Assault Rifles Being Altered to Skirt Law


At a little gunsmith shop in a Santa Ana business and industrial complex, owner Shawn Tugwell removes the offending pistol grip from a semiautomatic rifle that California will soon outlaw as an assault weapon.

In its place, Tugwell screws on a substitute grip of a high-strength plastic molded to conform to the gun’s original stock.

Behold, what was a banned gun under California’s newly toughened assault weapon controls seemingly is reinvented into a more conventional sporting firearm for hunting or paper targets.


Assuming it has no other prohibited characteristics, Tugwell believes the rifle, in this case a .223-caliber Colt Sporter, will pass legal muster and avoid the requirement that it be registered.

“We’re trying to make a couple of bucks, and we’re also trying to give the people a chance to . . . comply with the law,” said Tugwell, who sells his $69.95 replacement grip at gun shows, online and at his GunCompliantStocks shop.

Complying With the Law

Starting Jan. 1, it will be against the law to manufacture, import, sell, give or lend a wide variety of semiautomatic, combat-style guns whose features include pistol grips or folding stocks.

However, current owners can keep their unmodified guns if they register them with the state Department of Justice.

The new law also will attempt to reduce the firepower of these guns by banning ammunition magazines that can hold more than 10 cartridges. Some magazines can accept 20 or more rounds.

Tugwell believes he has found a way to help make some assault guns legal by removing their signature pistol grips and substituting the stock and grip of his own design.


“We offer a stock to make it more of a sporting rifle than what the media and government has termed an assault weapon,” said Tugwell, who said it will fit several types of assault guns.

Is such surgery merely a clever way to get around the new law, as the National Rifle Assn. asserts? Or, will Californians be safer from gun violence by eliminating prohibited characteristics, as Atty. Gen. Bill Lockyer suggests? The answer is unclear.

On its Internet Web site, the NRA, which fought passage of the bill, SB 23, praises Tugwell’s grip as an “SB 23 buster.” The NRA invites other potential inventors of such equipment to come forward “and we will post a link to their site.”

“Our job as gun owners is to tweak the nose of our Legislature. . . . It is our job to register as few firearms as possible--LEGALLY,” the NRA says.

Lockyer, who has promised to enforce the new law vigorously and is writing regulations to implement it, has not examined Tugwell’s substitute grip, believed to be the first of its kind.

But in an interview last week, the Democratic attorney general said he believes that, combined with restricted magazines, the removal of pistol grips diminishes the gun’s “lethal potential.”

“If people can modify their weapons to not violate any of the prohibited characteristics, then they have complied with the law,” Lockyer said. “[But] I don’t want someone to conclude that it is easy to get around the law by some cosmetic changes in the weapon.”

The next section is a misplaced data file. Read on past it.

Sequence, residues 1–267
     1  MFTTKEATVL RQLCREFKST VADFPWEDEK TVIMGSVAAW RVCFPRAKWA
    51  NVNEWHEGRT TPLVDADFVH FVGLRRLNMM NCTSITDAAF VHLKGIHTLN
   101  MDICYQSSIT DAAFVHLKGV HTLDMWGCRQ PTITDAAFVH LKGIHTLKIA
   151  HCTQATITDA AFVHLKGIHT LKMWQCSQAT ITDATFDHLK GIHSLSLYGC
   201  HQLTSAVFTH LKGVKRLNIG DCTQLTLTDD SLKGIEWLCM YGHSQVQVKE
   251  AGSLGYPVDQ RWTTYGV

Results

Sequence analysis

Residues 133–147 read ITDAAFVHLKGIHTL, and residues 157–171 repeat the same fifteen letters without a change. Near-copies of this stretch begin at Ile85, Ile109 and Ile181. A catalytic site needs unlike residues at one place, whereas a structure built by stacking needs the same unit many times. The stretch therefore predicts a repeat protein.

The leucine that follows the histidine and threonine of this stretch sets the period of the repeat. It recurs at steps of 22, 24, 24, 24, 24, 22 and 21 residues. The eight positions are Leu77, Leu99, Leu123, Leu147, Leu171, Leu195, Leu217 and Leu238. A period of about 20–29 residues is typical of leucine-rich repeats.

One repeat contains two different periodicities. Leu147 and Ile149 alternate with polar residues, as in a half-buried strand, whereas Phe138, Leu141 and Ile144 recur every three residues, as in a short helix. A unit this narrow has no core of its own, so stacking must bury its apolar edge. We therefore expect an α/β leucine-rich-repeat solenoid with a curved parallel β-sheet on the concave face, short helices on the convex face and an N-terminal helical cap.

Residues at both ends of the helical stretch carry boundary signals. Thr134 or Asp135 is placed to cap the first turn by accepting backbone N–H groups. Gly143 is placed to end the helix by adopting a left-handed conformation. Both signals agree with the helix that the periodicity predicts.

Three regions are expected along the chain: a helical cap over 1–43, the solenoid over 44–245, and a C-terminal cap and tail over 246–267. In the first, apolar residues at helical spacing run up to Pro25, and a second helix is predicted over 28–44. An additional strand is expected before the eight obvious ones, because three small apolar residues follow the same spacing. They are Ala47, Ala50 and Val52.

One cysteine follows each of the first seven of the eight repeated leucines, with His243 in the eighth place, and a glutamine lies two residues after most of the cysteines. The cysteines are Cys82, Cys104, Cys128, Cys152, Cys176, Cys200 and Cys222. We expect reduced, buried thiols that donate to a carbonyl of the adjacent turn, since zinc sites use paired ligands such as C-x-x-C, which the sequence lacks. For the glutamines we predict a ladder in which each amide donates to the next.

He said his regulations will define whether modifications such as Tugwell’s would enable the gun to comply with the law.

Indeed, much of the impetus for the new restrictions, enacted by the Legislature and signed by Gov. Gray Davis this summer, was to plug loopholes in the existing law, which enabled manufacturers to bypass assault weapon prohibitions by making cosmetic changes.

The new law casts a broader net than the state’s 10-year-old Roberti-Roos Assault Weapons Control Act. It bans pistol grips, thumb hole and folding stocks, grenade launchers, flash suppressors and short barrels. However, none of these affects a gun’s ability to fire rapidly, as fast as the trigger can be pulled.

“You have to eliminate all those features and the pistol grip. Otherwise, just putting our stock on won’t make your gun comply,” Tugwell said.

If the offending features are removed, supporters of the legislation contend, the guns become acceptable as hunting or sporting arms and are exempt from registration.

Registration will start Jan. 1 and last one year. The $20 fee will cover one gun or many if they are registered at the same time, the state Justice Department said. Otherwise, the prohibited guns must be disposed of or permanently disabled.

Pistol Grip Is a Key Item

The protruding pistol grip is a signature characteristic of many military firearms and is widely copied in civilian versions. In combat, it enables the shooter to nimbly keep up a high rate of fire with one hand and still maintain stability of the gun. For other arms, a thumb hole in the stock serves the same function.

By permanently eliminating the pistol grip or thumb hole stock, “you are fundamentally changing the design,” said Luis Tolley, western director of Handgun Control Inc., a sponsor of the new law.

“Business has been halfway decent,” Tugwell said.

But Tolley said he doubts that “we are going to see huge numbers of these weapons being converted. The guys who like those weapons are not going to give up their pistol grips.”

Michael Van Winkle, a Justice Department spokesman, said 62,000 assault guns have been registered by 37,000 owners under the current law. Officials have no estimate of how many will be registered under the new requirements, he said.

“There’s really no way to know how many are out there,” Van Winkle said.


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